<riza> but maybe that's implicit somewhere else
<FromGitter> <Blacksmoke16> right, so what makes you think it does get inherited?
<riza> hhhhhhhhhhhhhhhhhhmmmm I don't know where I saw that
<riza> the log context metadata does have the ability to inherit
<riza> this test seems to point that you're right and things aren't getting inherited though
<riza> if they were being inherited I'd expect there to be an assertion in here which proves that a == 1 too
<FromGitter> <Blacksmoke16> yea, makes sense
<FromGitter> <Blacksmoke16> pretty sure there's a way to set the context on a fiber tho
<riza> there is, for sure
<riza> Fiber#current_context= is available
<riza> that's fine. I was hoping there was some magic which let log inherit instances of itself from the parent fiber
<riza> thanks :)
<riza> man, now my head is spinning. this looks right to me:
<riza> same result here:
<riza> man how is so fast when `crystal play` is so slow
<FromGitter> <Blacksmoke16> i think only metadata is serializable, not context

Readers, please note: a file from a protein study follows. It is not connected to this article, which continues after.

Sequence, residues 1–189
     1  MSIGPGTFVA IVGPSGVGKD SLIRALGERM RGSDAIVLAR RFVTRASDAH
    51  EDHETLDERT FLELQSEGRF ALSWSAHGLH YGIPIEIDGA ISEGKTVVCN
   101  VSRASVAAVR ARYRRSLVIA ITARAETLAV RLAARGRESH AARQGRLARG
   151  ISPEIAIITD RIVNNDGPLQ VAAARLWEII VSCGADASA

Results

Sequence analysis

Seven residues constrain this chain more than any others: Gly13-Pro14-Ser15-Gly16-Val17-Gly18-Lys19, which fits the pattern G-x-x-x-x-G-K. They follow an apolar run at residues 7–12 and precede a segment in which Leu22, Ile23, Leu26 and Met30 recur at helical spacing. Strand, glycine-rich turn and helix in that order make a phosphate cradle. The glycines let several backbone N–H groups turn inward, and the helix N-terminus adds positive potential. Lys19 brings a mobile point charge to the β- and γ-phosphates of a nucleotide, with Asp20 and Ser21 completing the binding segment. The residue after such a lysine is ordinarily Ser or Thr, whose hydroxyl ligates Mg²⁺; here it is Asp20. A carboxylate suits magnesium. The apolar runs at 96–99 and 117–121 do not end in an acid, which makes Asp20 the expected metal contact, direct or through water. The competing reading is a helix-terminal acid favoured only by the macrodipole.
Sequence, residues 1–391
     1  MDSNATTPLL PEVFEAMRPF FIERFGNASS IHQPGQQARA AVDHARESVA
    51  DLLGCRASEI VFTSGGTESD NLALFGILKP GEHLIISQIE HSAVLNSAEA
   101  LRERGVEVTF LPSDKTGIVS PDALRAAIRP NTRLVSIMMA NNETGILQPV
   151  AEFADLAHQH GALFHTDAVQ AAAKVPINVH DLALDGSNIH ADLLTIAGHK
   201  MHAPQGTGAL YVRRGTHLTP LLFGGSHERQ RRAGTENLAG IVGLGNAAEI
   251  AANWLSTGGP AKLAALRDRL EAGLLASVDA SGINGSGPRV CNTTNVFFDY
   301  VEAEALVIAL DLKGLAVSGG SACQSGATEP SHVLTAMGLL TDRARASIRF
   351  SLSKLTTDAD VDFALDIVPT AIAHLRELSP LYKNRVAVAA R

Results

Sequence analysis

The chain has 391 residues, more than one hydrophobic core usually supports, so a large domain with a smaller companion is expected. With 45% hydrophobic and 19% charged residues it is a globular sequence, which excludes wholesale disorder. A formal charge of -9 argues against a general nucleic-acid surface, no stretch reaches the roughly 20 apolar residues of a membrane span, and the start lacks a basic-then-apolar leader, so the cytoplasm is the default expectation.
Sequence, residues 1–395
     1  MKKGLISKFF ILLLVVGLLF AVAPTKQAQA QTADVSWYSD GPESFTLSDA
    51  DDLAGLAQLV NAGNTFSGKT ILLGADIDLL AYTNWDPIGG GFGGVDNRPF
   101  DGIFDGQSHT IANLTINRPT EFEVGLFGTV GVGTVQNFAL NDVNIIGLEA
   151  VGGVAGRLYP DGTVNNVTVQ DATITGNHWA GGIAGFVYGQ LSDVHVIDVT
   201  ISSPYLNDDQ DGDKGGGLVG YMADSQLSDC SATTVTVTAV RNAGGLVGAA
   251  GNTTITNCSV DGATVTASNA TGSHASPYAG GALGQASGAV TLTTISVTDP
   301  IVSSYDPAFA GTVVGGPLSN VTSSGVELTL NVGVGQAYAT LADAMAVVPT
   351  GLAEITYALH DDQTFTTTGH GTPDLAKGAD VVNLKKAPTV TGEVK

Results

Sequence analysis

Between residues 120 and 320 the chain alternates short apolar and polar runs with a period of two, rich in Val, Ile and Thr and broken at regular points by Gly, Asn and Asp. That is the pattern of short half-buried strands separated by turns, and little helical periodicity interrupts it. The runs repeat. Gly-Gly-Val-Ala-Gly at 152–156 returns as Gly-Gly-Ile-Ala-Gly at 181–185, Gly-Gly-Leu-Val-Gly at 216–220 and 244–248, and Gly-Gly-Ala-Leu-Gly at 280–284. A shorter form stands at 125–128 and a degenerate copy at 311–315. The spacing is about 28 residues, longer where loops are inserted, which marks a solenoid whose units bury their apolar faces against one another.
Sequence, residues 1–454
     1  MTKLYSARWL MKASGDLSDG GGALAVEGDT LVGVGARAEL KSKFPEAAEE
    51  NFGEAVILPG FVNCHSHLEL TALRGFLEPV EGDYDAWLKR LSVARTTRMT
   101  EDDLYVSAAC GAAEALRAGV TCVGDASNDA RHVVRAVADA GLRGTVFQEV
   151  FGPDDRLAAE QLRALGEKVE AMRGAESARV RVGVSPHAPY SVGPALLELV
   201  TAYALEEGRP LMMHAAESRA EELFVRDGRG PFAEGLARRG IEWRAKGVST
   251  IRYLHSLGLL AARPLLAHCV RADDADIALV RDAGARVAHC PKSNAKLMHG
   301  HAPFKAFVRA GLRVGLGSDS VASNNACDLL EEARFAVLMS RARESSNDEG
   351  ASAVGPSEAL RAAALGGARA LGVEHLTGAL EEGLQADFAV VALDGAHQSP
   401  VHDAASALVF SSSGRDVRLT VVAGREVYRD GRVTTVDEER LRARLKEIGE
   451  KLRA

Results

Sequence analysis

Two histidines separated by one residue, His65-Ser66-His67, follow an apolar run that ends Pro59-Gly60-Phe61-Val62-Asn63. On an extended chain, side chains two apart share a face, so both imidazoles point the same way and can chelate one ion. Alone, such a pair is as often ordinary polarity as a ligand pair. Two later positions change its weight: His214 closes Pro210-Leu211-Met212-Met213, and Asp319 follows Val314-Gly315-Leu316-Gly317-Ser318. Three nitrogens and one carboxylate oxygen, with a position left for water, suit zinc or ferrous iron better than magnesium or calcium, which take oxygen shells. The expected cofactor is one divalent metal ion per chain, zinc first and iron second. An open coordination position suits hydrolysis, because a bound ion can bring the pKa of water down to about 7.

* riza derp
<riza> this api is kind of confusing, because you call #set on the context but if you want to render all the things you've set you have to call context.metadata
<FromGitter> <Blacksmoke16> context represents global fiber data, while metadata represents data on a specific log message
ur5us has joined #crystal-lang
<FromGitter> <> ```code paste, see link``` ⏎ ⏎ @Blacksmoke16 Curious if this is a bug, but the latter version results in a compiler error when using some Indexable methods: `Error: no overload matches 'Array(Float64)#<<' with type (Float64 | Nil)` []
<FromGitter> <Blacksmoke16> unsafe_fetch can return `nil`
<FromGitter> <> I mean it is still exhaustive i would think
<FromGitter> <Blacksmoke16> because thats the default return value of a case w/o an else
<FromGitter> <> I would think it could either return x, y, or NoReturn
<FromGitter> <Blacksmoke16> which is why you need to put it in the else if you're using case
<FromGitter> <> the raise catches not a 0 or 1, doesn't it?
<FromGitter> <Blacksmoke16> :shrug: guess it's not that smart?
<FromGitter> <> Which has the special NoReturn type
<FromGitter> <> What class does #[]= come from?
<FromGitter> <> I would like to include the 5 overloads for `#[]=` into my Indexable struct type. Any ideas?
deavmi has quit [Read error: Connection reset by peer]
deavmi has joined #crystal-lang
hexreel has quit [Quit: nyaa~]
sagax has quit [Ping timeout: 245 seconds]
<FromGitter> <> Is there a better way to perform an element-wise operation on my Indexable struct? ⏎ ⏎ ```code paste, see link``` []
<riza> #map
<FromGitter> <> But the point is to mutate while traversing